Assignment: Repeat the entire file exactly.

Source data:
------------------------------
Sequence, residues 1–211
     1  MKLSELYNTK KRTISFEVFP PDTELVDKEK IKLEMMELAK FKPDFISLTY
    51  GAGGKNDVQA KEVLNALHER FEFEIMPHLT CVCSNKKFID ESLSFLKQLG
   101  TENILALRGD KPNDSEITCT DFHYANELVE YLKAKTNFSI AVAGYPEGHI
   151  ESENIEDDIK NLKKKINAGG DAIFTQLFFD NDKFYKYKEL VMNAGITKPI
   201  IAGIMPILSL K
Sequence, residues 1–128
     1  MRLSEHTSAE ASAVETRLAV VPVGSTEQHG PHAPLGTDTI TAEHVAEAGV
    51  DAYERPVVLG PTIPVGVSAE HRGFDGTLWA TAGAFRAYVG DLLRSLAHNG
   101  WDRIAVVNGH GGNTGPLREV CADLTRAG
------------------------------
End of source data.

Sequence, residues 1–211
     1  MKLSELYNTK KRTISFEVFP PDTELVDKEK IKLEMMELAK FKPDFISLTY
    51  GAGGKNDVQA KEVLNALHER FEFEIMPHLT CVCSNKKFID ESLSFLKQLG
   101  TENILALRGD KPNDSEITCT DFHYANELVE YLKAKTNFSI AVAGYPEGHI
   151  ESENIEDDIK NLKKKINAGG DAIFTQLFFD NDKFYKYKEL VMNAGITKPI
   201  IAGIMPILSL K
Sequence, residues 1–128
     1  MRLSEHTSAE ASAVETRLAV VPVGSTEQHG PHAPLGTDTI TAEHVAEAGV
    51  DAYERPVVLG PTIPVGVSAE HRGFDGTLWA TAGAFRAYVG DLLRSLAHNG
   101  WDRIAVVNGH GGNTGPLREV CADLTRAG